Since the release of “The Report”, Production is Broken has been moving forward with the published next steps outlined in the closing summary of the research. In recent weeks, we have been encouraging conversation with broadcasters; production companies and industry bodies to address the issues raised by “The Report.”
As part of our first phase of outreach, we approached industry organisations including the trade body for a large number of independent production companies – Pact. We were seeking their response to the findings and to seek clarification on their expectation of how improvements can be made for Production Management.
Yesterday, we received messages from Directors of Production; Heads of Production and other Production Management colleagues that are part of a Pact distribution list. They wanted to make us aware that Pact were emailing it’s members, advising them how to respond to Production is Broken‘s requests for a response to “The Report.”
As part of our ongoing commitment to full transparency with the Production Management department, we have included a copy of the email below.
We were disappointed to see Pact were incorrectly informing members that they had responded to our requests for engagement, when this wasn’t the case. We enquired further with Pact to ask for a response and they have since provided the following statement for us to share:
We would like to thank Pact for providing a response, and fielding queries from production companies. We understand their preference to engage in person with the team behind Production is Broken. We also appreciate that compared to other organisations that Pact are used to working with, Production is Broken is a bit of an outlier.
We are a group of Production Management freelancers that have been formed totally independently. We receive no funding or sponsorship, and have full-time jobs alongside the voluntary efforts we make to improve our department.
However, the response to our research last Autumn of almost 1000 Production Management staff and freelancers, further proved what we had felt first-hand. Our department is in crisis.
The organisations charged with the responsibility of ensuring the wellbeing and retention of Production Management workers, including Pact, have been unable to give the issues due attention.
This is not a new issue, some of these issues have been in existence for over a decade. If these industry bodies in their current form worked, there wouldn’t be a need for a group like Production is Broken.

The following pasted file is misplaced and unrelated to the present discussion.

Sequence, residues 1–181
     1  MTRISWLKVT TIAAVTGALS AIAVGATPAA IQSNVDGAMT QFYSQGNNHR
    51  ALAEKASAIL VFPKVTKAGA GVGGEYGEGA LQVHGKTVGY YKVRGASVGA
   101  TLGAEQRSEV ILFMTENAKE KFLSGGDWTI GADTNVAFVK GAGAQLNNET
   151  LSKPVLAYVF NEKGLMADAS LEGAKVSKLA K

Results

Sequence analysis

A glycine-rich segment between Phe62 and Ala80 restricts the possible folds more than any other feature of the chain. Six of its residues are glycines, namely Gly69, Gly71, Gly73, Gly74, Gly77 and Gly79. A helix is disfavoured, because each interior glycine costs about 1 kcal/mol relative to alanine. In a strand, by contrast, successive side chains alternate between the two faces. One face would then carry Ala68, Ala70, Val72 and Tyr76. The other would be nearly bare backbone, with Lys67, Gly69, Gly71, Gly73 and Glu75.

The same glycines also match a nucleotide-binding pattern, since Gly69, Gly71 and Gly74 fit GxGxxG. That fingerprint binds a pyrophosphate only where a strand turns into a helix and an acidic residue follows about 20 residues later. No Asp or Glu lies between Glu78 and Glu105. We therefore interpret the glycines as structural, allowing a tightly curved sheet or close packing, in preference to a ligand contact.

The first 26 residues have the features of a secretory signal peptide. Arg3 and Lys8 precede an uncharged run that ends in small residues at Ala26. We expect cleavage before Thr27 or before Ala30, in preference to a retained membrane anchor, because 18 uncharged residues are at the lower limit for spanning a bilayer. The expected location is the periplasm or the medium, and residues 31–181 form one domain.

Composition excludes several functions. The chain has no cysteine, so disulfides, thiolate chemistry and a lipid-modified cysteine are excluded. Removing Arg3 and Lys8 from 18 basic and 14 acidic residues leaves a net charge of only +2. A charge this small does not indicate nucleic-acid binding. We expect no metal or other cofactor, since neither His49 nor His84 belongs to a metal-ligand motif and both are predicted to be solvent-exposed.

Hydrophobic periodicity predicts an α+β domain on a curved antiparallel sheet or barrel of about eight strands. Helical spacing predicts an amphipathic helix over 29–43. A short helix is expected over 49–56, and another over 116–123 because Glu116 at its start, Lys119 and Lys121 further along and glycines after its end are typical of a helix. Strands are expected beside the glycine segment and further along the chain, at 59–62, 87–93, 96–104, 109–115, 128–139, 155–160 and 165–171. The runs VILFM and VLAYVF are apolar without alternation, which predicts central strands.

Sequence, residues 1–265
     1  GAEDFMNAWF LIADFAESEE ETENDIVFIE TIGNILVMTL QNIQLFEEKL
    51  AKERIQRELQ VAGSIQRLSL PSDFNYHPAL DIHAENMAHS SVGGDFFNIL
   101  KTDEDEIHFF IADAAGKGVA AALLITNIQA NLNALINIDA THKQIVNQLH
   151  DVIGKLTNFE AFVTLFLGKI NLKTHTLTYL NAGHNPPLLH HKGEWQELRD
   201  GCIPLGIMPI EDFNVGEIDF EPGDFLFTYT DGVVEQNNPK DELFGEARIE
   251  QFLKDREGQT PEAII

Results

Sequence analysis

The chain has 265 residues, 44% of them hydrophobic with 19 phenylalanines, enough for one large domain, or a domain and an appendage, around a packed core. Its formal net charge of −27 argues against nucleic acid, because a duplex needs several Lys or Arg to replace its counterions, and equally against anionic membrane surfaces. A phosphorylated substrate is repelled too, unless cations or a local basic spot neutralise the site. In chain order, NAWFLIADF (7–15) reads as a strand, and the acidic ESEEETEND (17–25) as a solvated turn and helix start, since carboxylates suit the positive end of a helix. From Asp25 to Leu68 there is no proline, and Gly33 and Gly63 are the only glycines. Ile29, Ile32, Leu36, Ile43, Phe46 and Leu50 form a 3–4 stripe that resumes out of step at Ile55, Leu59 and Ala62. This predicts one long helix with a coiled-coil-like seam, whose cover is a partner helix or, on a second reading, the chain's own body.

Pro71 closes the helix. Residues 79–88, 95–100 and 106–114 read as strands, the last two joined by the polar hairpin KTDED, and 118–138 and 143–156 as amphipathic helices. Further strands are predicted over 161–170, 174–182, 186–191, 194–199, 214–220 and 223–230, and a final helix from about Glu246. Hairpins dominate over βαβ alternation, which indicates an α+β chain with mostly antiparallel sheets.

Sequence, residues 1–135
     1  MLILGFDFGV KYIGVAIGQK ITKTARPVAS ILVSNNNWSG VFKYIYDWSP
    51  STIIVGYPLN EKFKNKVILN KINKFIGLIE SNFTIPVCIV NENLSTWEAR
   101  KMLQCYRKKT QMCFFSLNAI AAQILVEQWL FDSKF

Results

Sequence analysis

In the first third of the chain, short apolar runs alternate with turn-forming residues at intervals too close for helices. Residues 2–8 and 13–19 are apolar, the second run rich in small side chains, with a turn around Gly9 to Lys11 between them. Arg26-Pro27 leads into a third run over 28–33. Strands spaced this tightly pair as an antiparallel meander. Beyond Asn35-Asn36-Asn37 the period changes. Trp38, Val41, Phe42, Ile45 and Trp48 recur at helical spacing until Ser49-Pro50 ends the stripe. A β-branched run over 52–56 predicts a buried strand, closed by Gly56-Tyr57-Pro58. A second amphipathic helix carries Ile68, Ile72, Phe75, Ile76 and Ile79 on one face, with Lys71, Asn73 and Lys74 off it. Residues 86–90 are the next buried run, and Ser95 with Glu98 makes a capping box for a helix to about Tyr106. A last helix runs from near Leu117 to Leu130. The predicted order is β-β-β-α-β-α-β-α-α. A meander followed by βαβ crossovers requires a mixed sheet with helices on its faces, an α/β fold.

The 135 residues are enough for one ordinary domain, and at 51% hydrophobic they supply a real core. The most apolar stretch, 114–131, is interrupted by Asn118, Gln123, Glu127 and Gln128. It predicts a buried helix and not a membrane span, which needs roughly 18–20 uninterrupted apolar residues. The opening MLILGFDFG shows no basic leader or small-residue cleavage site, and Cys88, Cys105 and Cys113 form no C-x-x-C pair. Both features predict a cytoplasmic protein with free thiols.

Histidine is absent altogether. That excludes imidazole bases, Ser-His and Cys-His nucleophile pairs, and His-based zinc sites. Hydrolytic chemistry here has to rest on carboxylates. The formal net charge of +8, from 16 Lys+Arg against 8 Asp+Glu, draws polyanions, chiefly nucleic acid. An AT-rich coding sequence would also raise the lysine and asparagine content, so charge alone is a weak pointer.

We welcome Pact’s willingness to engage on behalf of production companies. However, we have been very clear that we operate as an anonymous collective of freelancers, due to concerns of negative consequences from speaking up about these issues.
“If these industry bodies in their current form worked, there wouldn’t be a need for a group like Production is Broken.”
We understand production companies’ obligation to align themselves with Pact but would encourage companies to consider whether a trade body whose elected council lacks any members with Unscripted Production Management experience, can provide the response that production company staff and freelancers deserve.
Pact acts in the best interests of production companies and not of the staff and freelancers who have spoken out in our research.
We are providing an opportunity for production companies to provide a response instead, that is representative of the culture of their company.
Equally it is an opportunity for freelancers too, to observe which companies are willing to set themselves apart to change the future of Production Management, and which are keen to play an active role in those improvements.
With 84.3% of respondents having either left Production Management or considered leaving the department, it’s clear that the current way of dealing with these issues is not working.
In their statement, Pact made reference to liaising with the Production Manager’s Association on issues raised. Our research found that 85.2% of respondents were not members of BECTU, BAFTA or PMA. Our findings show these organisations do not represent the majority of our department – and any lines of communication that may exist between Pact and the Production Managers Association are not legitimate avenues for change, in their current form, due to their low levels of representation (the PMA’s website states they have only 168 members).
Faith in industry bodies is low, and although Pact wasn’t explicitly included in our research, it should be considered that Pact do not have ‘on the ground’ experience with the issues raised by our research, raising questions on why production companies would fall back on Pact to provide their response.
The group behind Production is Broken met last night to discuss our next steps and following advice from an independent consultancy, we remain committed to engaging in an anonymous capacity with Pact and industry organisations.
However, we will be reaching out to Pact to address their concerns around further communication with us and suggest the engagement of an intermediary representative as a potential solution, to open a line of communication between both parties. It is unlikely this will be established before the preliminary deadline for first responses of Monday 6th March.
We welcome the responses of any production companies that would like to outline their position, independently from Pact and thank all of those that have already provided responses.
Production is broken. Let’s fix it.